Without fail I’d become lost on these excursions. You’d think I could find one of them, but no. Like intercontinental ballistic missiles, once those two were set on a target – a bra, girdle, gloves or fabric – nothing could shake them off their ultimate mission.

The trick when lost is to keep panic at bay. Give it no atten­tion, no air. Sing a song in your head or hum a happy tune. I’d start with the last place I saw them and then go in ever increas­ing circles until I found them. That’s the sort of plan leaders like Professor John Robinson in Lost in Space or the calm dad in My Three Sons would come up with. I keep telling myself they’d never leave without me. That works for a few orbits of the floor. But dizziness creeps in. Once deliberate footsteps turn into a trot.

Then the crazy breathing starts. The head jerks about, eyes dis-oriented, the crowd becomes a blur. Sound is muted, now distorted, as if someone is playing with the volume control. The bazaar is a swirling mass of fabric colour and texture, of people, curtains and clothes, but all I can feel is the throbbing of my own heart. Where are they?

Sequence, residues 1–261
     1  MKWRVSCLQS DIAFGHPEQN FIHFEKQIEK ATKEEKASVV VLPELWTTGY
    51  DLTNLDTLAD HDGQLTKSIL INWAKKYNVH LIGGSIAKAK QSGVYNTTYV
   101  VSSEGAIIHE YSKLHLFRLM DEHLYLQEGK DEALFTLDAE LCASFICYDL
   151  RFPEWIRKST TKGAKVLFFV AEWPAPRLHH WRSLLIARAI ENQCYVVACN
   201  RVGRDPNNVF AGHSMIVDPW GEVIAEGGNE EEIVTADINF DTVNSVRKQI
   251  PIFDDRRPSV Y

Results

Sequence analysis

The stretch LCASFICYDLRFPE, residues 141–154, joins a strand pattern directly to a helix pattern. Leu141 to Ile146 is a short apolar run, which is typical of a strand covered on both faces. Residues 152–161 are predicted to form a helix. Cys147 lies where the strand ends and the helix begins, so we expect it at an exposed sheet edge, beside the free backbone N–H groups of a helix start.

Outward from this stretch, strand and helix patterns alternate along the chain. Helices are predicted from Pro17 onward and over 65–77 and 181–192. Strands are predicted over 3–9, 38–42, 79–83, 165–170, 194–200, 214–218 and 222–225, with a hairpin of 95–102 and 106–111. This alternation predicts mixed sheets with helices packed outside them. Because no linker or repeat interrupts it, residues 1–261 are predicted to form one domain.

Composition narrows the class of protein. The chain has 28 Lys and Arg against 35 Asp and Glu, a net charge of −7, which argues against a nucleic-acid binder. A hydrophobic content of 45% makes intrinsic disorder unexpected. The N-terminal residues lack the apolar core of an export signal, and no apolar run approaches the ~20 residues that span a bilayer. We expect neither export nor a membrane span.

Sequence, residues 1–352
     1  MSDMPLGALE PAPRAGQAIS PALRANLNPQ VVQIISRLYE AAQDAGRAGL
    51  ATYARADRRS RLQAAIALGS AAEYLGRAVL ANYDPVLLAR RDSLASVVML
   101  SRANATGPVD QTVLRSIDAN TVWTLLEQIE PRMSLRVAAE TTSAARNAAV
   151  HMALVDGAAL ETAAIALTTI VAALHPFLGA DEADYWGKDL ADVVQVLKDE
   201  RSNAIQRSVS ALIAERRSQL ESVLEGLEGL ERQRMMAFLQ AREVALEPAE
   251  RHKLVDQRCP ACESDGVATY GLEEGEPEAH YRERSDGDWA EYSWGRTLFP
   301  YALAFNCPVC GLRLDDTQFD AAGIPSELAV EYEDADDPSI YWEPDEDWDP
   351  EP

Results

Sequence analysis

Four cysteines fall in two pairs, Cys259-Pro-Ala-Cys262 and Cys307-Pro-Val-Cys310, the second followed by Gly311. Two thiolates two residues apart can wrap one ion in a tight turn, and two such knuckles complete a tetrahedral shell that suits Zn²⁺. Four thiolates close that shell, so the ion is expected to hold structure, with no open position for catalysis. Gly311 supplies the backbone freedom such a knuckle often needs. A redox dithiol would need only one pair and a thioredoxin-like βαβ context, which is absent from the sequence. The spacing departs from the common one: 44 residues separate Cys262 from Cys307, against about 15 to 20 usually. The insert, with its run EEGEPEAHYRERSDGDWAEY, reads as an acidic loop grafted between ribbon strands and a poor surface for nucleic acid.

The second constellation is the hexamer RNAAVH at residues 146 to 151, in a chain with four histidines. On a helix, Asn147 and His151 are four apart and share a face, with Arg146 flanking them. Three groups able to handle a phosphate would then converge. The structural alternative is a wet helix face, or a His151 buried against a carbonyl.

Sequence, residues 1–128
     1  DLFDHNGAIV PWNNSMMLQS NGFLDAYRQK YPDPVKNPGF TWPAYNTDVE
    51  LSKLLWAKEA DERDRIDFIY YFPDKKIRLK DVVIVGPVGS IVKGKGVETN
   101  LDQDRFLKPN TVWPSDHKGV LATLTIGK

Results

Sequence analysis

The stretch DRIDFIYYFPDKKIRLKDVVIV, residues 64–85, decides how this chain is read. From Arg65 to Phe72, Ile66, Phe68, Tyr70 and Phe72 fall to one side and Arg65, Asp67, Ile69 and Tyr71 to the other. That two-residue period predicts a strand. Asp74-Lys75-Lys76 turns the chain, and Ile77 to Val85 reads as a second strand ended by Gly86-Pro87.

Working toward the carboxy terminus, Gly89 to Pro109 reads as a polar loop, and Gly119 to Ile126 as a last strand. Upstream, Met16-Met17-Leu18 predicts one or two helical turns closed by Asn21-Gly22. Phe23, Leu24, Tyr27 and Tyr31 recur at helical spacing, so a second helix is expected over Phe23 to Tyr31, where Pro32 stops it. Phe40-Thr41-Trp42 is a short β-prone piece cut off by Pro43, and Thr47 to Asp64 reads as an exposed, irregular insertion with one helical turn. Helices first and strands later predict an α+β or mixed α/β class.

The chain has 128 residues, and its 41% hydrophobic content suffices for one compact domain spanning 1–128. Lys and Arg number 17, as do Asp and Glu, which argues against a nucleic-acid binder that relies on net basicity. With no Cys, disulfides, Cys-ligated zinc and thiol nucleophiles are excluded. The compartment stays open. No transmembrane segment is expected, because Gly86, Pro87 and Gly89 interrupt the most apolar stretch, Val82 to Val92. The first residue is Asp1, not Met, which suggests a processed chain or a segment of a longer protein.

Finding them was an anti-climax but it required an immedi­ate makeover. I’d try to look composed, even though I was angry with them, just in case they tried to revoke my freedom. Once, most likely the last time I ventured out of the force field – danger Will Robinson! – I was in a full mental panic. It seemed like a whole hour had passed since I’d lost them – it had – when I saw Mama and Teta walking into the shop.

‘We forgot you were with us,’ Mama said, her high-pitched voice breaking into a laugh. ‘We’d gone to the dress shop near the station and were about to get the train home when I remembered.’


This is an extract from Whole Wild World by Tom Dusevic (NewSouth, $29.99). Available now.